By Khaled Saffuri, President at the National Interest Foundation
President Donald J. Trump and his supporters offered up the so-called Abraham Accords as evidence of his diplomatic skill through the closing days of the campaign. Through a mix of veiled threats and de facto bribes, he convinced Bahrain and the United Arab Emirates to recognize Israel, and Sudan to move towards doing the same.
These agreements are not a good deal for America. Instead, the administration illustrated yet again how Washington’s nearly singular focus on Israel distorts policy in the Middle East and at home. As the administration sought to negotiate a final pre-election stimulus bill with Congress, Treasury Secretary Steven Mnuchin was in Tel Aviv. Instead of being available to meet with congressional leaders, most importantly House Speaker Nancy Pelosi, he had to call from the road. The interests of the American people suffered as a result.
It is undoubtedly better for countries in the region to talk and trade rather than fight. However, the Trump-brokered deals are not peace treaties. Unlike Egypt and Jordan, the nations who are signatories of these latest deals have never been at war with Israel. Moreover, Washington has abandoned even the pretense of encouraging a peaceful resolution to the plight of the settlement of millions of Palestinians living under brutal military occupation. The resulting injustice ensures continued instability and increases the likelihood that violence will continue.
There are obvious upsides to these newly established bilateral relationships, but the benefits accrue primarily to the signatories, not to America. For Washington, the benefits are slight. Global statecraft did not require the U.S. to take over responsibility for making a deal that the participants could have struck themselves.
The U.S. would have made better use of its efforts in resolving violent conflicts elsewhere.
Washington’s “maximum pressure” campaign against Iran has failed, empowering hardliners in Tehran and increasing tensions throughout the Gulf. The U.S. has browbeaten Iraq, the supposed beneficiary of American liberation, over Baghdad’s ties with Iran.
These problems are far more urgent than pushing friendly countries to do what they could have done themselves. And, for Washington, these deals come at a price. As has been the case in the Middle East for decades, the U.S. is now expected to pay. In this case, the most important obligation due is the administration’s promise to sell sophisticated F-35 aircraft to UAE.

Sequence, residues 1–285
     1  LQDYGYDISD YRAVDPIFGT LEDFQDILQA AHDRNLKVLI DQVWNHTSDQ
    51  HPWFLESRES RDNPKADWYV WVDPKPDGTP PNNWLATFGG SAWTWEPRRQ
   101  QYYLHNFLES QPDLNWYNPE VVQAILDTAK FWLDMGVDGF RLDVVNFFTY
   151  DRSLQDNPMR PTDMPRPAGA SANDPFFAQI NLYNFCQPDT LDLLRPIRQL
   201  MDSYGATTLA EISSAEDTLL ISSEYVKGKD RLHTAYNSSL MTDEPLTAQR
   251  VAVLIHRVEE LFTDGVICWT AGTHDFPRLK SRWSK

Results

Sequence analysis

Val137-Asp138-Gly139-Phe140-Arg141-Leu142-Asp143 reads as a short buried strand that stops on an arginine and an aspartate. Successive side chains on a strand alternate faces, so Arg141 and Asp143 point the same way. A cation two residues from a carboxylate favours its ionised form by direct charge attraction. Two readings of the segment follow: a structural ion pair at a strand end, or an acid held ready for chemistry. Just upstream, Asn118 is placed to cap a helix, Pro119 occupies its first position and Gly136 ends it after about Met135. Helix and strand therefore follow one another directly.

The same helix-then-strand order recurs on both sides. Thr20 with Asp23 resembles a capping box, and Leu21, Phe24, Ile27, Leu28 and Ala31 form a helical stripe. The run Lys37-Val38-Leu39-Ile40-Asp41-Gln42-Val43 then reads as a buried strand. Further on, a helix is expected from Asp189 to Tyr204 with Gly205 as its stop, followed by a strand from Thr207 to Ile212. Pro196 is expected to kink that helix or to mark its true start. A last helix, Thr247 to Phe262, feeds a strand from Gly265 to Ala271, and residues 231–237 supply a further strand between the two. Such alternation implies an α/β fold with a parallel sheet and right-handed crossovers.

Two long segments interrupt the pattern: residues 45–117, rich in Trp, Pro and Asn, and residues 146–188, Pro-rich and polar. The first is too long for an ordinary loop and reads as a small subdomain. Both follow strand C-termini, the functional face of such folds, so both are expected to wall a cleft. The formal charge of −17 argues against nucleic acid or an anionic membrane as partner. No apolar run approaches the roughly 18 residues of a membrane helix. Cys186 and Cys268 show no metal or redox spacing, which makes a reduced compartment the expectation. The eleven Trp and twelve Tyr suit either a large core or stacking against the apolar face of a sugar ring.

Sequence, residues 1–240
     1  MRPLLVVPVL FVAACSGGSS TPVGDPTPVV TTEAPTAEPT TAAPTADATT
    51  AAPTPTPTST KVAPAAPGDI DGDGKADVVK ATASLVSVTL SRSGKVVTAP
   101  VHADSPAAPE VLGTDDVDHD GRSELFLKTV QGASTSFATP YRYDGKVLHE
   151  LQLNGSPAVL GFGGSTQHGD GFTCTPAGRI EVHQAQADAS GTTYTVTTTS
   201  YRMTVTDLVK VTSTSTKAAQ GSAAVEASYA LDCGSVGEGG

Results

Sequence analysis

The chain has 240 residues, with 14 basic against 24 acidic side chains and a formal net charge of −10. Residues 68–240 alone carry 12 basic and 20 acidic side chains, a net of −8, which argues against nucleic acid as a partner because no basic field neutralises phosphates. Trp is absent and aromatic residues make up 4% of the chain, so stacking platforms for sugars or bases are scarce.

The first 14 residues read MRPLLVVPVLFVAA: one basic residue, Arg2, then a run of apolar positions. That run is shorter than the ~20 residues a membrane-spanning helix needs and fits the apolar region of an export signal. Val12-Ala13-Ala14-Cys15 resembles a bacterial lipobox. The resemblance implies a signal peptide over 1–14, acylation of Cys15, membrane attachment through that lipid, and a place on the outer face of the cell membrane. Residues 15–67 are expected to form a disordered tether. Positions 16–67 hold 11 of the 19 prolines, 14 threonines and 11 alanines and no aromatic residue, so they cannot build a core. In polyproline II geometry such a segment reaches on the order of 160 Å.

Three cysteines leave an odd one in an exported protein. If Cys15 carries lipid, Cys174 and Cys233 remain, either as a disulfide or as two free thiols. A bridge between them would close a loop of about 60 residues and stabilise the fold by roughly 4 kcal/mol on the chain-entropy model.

How will Abu Dhabi use such advanced weaponry?
Five years ago, UAE joined Saudi Arabia in the invasion of Yemen, one of the poorest nations on earth, in order to restore a friendly regime to power. The result has been a terrible war on civilians, creating what the United Nations calls the world’s worst humanitarian crisis.
American security has suffered. The Emiratis and Saudis have turned an ongoing internal dispute into a sectarian war, increasing Iran’s involvement. Even worse for Washington, UAE armed and financed local extremists, including al-Qaeda in the Arabian Peninsula, and promoted separatist forces seeking to break up Yemen.
Moreover, the Emirates was the driving force behind the ongoing economic/diplomatic campaign, which almost culminated in an invasion of Qatar, another American ally. What’s driving these efforts is a common concern regarding Iran, one that is shared by Israel, the UAE, and Bahrain. Rather than creating a new pathway to peace, the resulting quasi-alliance could turn belligerent, drawing America into a religious war that would decimate the Middle East.
What’s happened with Sudan also illustrates the shallow nature of the administration’s supposed success. The repressive regime of Omar al-Bashir was finally overthrown last year. Since then, a transitional authority made up of civilian and military factions has sought to create a new government.
Washington continued to label Sudan a state sponsor of terrorism, which has not been accurate for years—U.S. officials even acknowledge that the Bashir regime was aiding American anti-terrorism efforts. Yet U.S. Secretary of State Mike Pompeo manipulated Sudan’s desperate need for economic relief to insist Khartoum recognize Israel as a price for lifting the terrorism designation.
These issues had nothing to do with each other. Establishing diplomatic relations with Israel was unpopular in Sudan—the announcement triggered public protests—threatening the legitimacy of any civilian government before it even takes power. Washington’s bullying has enhanced the power of both the Islamists and the military. The Trump administration meanwhile sacrificed an important foreign policy goal, encouraging reform and stability in Sudan, for short-term political gain.
Ironically, the pact with Khartoum is more limited than it seems, with formal recognition as more of a future possibility. It requires approval by a legislative council that does not yet exist and, given the perception that the new government has yielded to U.S. and Israeli pressure, the reformers will be undermined before they have a chance to do anything.
President Trump promised an “America First” foreign policy. He has failed to deliver. His administration, like those before him, has routinely placed the interests of other governments first. Americans continue to suffer as a result.
Published in The American Conservative